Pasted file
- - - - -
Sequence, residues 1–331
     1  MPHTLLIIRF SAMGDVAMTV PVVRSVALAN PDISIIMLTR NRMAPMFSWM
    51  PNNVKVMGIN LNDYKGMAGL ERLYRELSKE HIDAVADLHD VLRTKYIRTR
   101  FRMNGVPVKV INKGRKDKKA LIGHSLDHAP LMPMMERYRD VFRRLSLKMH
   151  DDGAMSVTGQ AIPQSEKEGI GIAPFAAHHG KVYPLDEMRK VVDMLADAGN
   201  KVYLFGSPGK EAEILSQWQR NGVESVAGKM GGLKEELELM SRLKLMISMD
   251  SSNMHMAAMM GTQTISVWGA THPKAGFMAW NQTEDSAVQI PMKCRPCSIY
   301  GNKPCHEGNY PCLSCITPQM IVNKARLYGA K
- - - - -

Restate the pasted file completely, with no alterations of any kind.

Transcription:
Sequence, residues 1–331
     1  MPHTLLIIRF SAMGDVAMTV PVVRSVALAN PDISIIMLTR NRMAPMFSWM
    51  PNNVKVMGIN LNDYKGMAGL ERLYRELSKE HIDAVADLHD VLRTKYIRTR
   101  FRMNGVPVKV INKGRKDKKA LIGHSLDHAP LMPMMERYRD VFRRLSLKMH
   151  DDGAMSVTGQ AIPQSEKEGI GIAPFAAHHG KVYPLDEMRK VVDMLADAGN
   201  KVYLFGSPGK EAEILSQWQR NGVESVAGKM GGLKEELELM SRLKLMISMD
   251  SSNMHMAAMM GTQTISVWGA THPKAGFMAW NQTEDSAVQI PMKCRPCSIY
   301  GNKPCHEGNY PCLSCITPQM IVNKARLYGA K